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ERIC Number: ED546412
Record Type: Non-Journal
Publication Date: 2012
Pages: 257
Abstractor: As Provided
Reference Count: N/A
ISBN: 978-1-2676-3288-3
The Leader Development of College Students Who Participate in Different Levels of Sport
Anderson, Maiya D.
ProQuest LLC, Ph.D. Dissertation, The Ohio State University
Based on Astin's (1993) theory of involvement and Astin's (1991) college impact model a model of college student leader development was developed to examine the process of leader development among students who participated in sport during college. In addition, the differences between students who participated in different levels of sport with respect to leadership self-efficacy (LSE) and socially responsible leadership (SRL) values (HERI, 1996) were explored. Other factors such as involvement, positional leadership, and participation in mentoring were evaluated as college environment variables. This "ex post facto" study was a secondary analysis of data collected through the 2009 administration of the Multi-Institutional Study of Leadership (MSL). The MSL provided a national sample of senior undergraduate students. From this random samples of students who participated in intercollegiate (n = 349), club (n = 312), intramural ( n = 348), and recreational sports (n = 347), non-athletes (n = 349), and students who participated in multiple levels of sport (n = 347) were created for analysis. Two other samples were created to compare students who participated in any level of athletics (n = 995) to those that did not ( n = 999). Single and multi-group structural equation modeling (SEM) were used to interpret the results and determine the fit of the model. The results indicate college students who participated in any level of athletics scored higher than other college students in LSE at a statistically significant level after controlling for background, pre-college variables, and involvement during college. Differences also were also found between the levels of athletic participation with respect to leadership outcomes, with multiple-level and recreational sport participants scoring higher than club sport and non-athletes in positional leadership, LSE, and SRL. A small but significant difference was found in SRL based on gender, with women scoring slightly higher than men. No statistically significant differences in leadership outcomes were found based on race or National Collegiate Athletic Association (NCAA) division. The model of college student leadership development proposed in this study had acceptable fit across groups and explained 36% of the variance in LSE and 32% in SRL for the overall sample. The results indicated that mentoring, positional leadership, and pre-college LSE had direct effect on the development of LSE. While mentoring, involvement, and pre-college SRL predicted SRL. Mentoring was the strongest during college variable to predict both LSE and SRL across samples, indicating the importance of mentoring to college student-athlete leader development. Several differences between paths emerged between the groups. The study provided support for LSE and SRL as outcomes for students who participated in athletics during college, and the use of socially responsible leadership as a means to understand leadership development for college student who participate in athletics. The discussion includes practical applications of the results for universities, college sport programs, and students as well as recommendations for future research. [The dissertation citations contained here are published with the permission of ProQuest LLC. Further reproduction is prohibited without permission. Copies of dissertations may be obtained by Telephone (800) 1-800-521-0600. Web page:]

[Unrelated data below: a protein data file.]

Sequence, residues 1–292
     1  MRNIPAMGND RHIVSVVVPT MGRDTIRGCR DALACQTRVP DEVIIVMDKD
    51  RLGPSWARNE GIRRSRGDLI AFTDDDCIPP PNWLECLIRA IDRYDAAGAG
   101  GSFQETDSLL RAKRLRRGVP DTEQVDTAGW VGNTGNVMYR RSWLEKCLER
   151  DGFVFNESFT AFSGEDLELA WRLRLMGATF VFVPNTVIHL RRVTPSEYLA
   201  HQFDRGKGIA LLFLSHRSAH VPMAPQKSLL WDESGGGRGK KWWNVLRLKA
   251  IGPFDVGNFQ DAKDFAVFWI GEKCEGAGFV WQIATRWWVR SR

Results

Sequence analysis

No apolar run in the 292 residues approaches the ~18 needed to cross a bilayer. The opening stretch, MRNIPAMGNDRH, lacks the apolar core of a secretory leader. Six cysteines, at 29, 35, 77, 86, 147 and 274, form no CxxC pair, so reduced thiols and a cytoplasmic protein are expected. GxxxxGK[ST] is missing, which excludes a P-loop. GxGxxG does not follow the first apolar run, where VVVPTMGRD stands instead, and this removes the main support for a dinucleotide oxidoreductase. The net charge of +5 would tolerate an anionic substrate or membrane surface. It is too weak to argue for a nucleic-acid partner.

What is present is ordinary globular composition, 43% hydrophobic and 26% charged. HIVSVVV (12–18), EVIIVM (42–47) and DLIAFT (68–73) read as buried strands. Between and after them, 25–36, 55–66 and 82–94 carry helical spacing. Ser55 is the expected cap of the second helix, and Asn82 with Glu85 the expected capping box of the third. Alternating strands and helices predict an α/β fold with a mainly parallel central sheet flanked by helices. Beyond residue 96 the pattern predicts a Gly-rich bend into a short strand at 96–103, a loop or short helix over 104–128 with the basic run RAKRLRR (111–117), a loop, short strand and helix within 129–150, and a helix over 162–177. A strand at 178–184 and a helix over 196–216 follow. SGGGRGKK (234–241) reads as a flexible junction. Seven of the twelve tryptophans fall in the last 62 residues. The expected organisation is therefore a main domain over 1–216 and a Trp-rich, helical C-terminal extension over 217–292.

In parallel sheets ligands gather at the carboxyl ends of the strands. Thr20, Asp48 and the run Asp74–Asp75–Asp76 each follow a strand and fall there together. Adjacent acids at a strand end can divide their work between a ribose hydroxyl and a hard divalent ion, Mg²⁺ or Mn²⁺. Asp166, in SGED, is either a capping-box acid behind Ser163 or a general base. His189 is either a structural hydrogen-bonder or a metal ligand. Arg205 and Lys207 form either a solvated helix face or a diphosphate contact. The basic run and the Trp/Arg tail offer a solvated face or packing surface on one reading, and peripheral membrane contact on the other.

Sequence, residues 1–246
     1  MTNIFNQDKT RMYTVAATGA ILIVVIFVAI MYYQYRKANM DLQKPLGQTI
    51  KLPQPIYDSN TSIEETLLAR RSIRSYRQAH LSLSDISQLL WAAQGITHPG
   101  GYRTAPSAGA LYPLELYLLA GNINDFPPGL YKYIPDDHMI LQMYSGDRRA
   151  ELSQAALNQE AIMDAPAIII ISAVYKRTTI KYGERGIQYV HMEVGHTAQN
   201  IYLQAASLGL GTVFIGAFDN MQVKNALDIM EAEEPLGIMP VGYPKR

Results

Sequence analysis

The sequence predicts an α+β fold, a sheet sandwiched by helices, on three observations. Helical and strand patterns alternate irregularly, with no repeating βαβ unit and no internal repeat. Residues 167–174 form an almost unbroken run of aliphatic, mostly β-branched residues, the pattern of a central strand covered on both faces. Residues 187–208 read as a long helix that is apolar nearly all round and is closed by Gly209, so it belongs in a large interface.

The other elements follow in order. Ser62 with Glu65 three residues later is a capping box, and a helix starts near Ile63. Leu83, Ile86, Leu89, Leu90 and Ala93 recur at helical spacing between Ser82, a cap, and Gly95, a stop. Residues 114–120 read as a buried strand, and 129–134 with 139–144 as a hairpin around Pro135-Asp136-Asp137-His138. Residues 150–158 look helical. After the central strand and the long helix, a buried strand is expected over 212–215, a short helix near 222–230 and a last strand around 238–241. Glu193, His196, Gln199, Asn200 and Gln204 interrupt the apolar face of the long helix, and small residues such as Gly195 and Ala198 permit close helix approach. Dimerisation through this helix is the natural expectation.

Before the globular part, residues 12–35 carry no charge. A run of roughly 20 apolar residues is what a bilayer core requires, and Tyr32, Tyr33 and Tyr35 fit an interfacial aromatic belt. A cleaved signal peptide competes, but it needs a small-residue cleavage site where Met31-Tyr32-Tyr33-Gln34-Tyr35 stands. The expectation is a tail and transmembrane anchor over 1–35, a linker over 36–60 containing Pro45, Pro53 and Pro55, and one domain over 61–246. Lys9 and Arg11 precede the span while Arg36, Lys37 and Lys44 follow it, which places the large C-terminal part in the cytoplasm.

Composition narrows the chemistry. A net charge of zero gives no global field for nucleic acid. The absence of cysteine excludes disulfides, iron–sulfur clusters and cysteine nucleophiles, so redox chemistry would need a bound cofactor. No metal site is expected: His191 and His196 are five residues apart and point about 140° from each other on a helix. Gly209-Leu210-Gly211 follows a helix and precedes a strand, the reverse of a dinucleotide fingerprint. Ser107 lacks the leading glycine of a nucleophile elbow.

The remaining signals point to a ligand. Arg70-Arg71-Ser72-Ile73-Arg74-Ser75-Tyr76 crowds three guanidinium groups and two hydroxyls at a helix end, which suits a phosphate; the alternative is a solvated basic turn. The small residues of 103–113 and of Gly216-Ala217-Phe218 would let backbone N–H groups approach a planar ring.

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Publication Type: Dissertations/Theses - Doctoral Dissertations
Education Level: Higher Education; Postsecondary Education
Audience: N/A
Language: English
Sponsor: N/A
Authoring Institution: N/A